If cash were the only problem, American Home would be interesting, but unlikely to be compelling. The catalyst, and indeed the degradation in the economic model, relates to earnings, not cash. As we mentioned earlier, American Home makes money in one of three ways: duration, convexity, or credit. But, as you can plainly see in their filings, the net duration of their book is about a month, so there is no duration risk to speak of. Credit, while potentially problematic long-term, couldn't be better in todays environment of excess liquidity and rising home prices. As such, the economic degradation surrounds convexity. The company paid lip service to increased convexity costs in their press release and quarterly conference call this week, but they barely scratched the surface. Let's take this opportunity to delve into more vivid detail.

Since the REIT conversion early last year, American Home has sold loans through two channels. For the loans they wish to discard, they sell loans for cash to Wall Street, Fannie and Freddie, or correspondent mortgage lenders. They are paid for these loans in cash. In the second method, American Home securitizes loans into securities, and repurchases their own securities from their sponsored, securitizing qualifying special purpose entity (QSPE). In this method, there is no net cash exchanged, as American Home is essentially purchasing loans from an affiliated entity. But, per GAAP, they recognize a gain on sale, even though there is no cash received. The gain is intended to represent the future earnings associated with the mortgage security created, discounted back to today. Let¡¯s consider an example.

If AHM creates a loan for $100, records a gain on sale of $2 (consistent with the figures for the past few quarters), and then repurchases the security from the QSPE, it has in essence purchased a package of a loan plus an interest-only strip. Unlike other originating mREITs, there is no look-through to the actual loan on AHM's balance sheet. Rather, they list the securities as trading securities, and tell you the carrying value as a percentage of ¡°par.¡± But par, in this case, is not the par value of the loan, but the par value of the security. This is critical because the security is held at a premium to the loan, but at what premium, we can not discern.

What we do know is the following: American Home has been reporting gain on sales of approximately 200 bps for loans securitized. Furthermore, the company has said that they expect the loans to have 3-4 year lives with regard to the historical production of 3/1 and 5/1 hybrid ARMs. So, if true, then on an economic basis, they should amortize their securities at 50 bps per year, assuming prepayments came in line with expectations. If done correctly, there will be no premium remaining when the loans all prepay (at par).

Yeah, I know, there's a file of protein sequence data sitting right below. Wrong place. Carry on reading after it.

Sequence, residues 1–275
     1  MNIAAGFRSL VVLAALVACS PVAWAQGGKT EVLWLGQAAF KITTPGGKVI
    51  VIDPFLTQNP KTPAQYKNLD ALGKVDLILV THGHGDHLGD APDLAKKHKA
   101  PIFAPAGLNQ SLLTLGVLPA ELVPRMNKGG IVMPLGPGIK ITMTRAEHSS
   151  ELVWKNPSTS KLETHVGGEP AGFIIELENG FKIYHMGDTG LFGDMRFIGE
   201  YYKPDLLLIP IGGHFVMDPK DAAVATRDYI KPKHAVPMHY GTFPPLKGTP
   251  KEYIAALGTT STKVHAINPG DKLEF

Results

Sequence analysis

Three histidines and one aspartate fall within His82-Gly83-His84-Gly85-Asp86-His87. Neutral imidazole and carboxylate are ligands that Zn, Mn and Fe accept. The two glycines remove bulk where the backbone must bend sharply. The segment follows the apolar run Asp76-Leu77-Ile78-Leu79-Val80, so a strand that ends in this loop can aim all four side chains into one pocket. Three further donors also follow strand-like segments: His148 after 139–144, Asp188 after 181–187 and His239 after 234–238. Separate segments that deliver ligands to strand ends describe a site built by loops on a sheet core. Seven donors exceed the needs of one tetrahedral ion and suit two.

Recent deals, however, have prepaid much, much faster than expectations. Mortgage ABS tends to prepay very slowly near inception (most likely because few borrowers get a loan and then prepay it within the first six months) and prepayments tend to rise as the ABS ages. We have examined the first three American Home deals from 2004 (only ones with 8 months of data), and the speeds are troubling. We encourage interested parties to view them on Bloomberg (write me if you don¡¯t know how), but the conclusion is that both deals that are at least a year old have prepaid such that half of the senior securities remain outstanding, implying useful lives of 2 years. But, because the prepayment speeds have accelerated (currently above 60%), the useful lives may in fact be less than that.

If the trading securities were being amortized appropriately, the quarterly net interest margin would be significantly lower than it is today. Moreover, the AOCI account that tracks any unrealized gains and losses in their mortgage securities would have sustained heavy damage. As of the end of the second quarter, it had only recently gone negative. We suspect further negative marks are likely. Although there is no way to say exactly how much American Home has overstated the value of their securities (which they will tell you are authenticated by a third party), we think it could be as much as 1.5-2 pts. Taking the lower number, and at 10x leverage, that would be a reduction in their equity capital of 15%.


The historical economics notwithstanding, American Home will reassure you that they are in the process of changing their asset retention strategy. The motivation behind this change is putatively that shareholders have grown skittish with the company's gain on sale accounting, and would prefer they account for the same strategy as a financing. In both cases, we think you'll see that the economics are similar, and it's only the accounting that's different. We think they will be unable to mask the accelerating prepayment speeds for much longer, in either case. At 2x current book value, the company's valuation leaves less room for error. But we will leave it to you to come to your own conclusions.

For our purposes, we will spare you the company's turgid description of their newfangled strategy, and cut right to the numbers. In essence, the company will be retaining short-reset MTA loans, which adjust monthly. In demystifying the economics of these loans, we can rely on the voluminous information contained in American Home's most recent asset-backed prospectus, coupled with company comments. The company will tell you the economics are as follows for loans that, on average, yield MTA + 260 bps:

-Upfront origination costs (2 pts ¨C 1 direct, 1 indirect)

-Sub-servicing costs (4 bps annually, which equates to appx $100/loan on $325,000 avg size)
-Amortization of origination costs (75 bps annually ¨C assuming 2.5 year life)
-Deferred bond issuance costs (7 bps annually, which assumes it costs them $2 million to securitize $1 billion in loan receivables, including trustee, bankers, and attorneys fees)
-Credit enhancement for 80+ LTV loans and negative amortization (15 bps annually)
-Asset-backed securities premium (30 bps)

Thus, as the company would have you believe, the returns on equity (assuming 13x leverage) can be decomposed as follows:

Weighted average gross margin (bps) 260
Less: amortization (75)
Less: bondholder premium to index (30)
Less: external credit enhancement (15)
Less: deferred bond issuance costs (07)
Less: sub-servicing costs (03)
Weighted average net margin 130

Net Margin * Asset Leverage (13x) 16.90%
+ Index Portion of Return ~3.00%
Total Return on Equity ~20%

Terrific, right? Well, terrific if accurate, that is¡­ You see, there are just a few minor inaccuracies with the company¡¯s new strategy that deserve mention.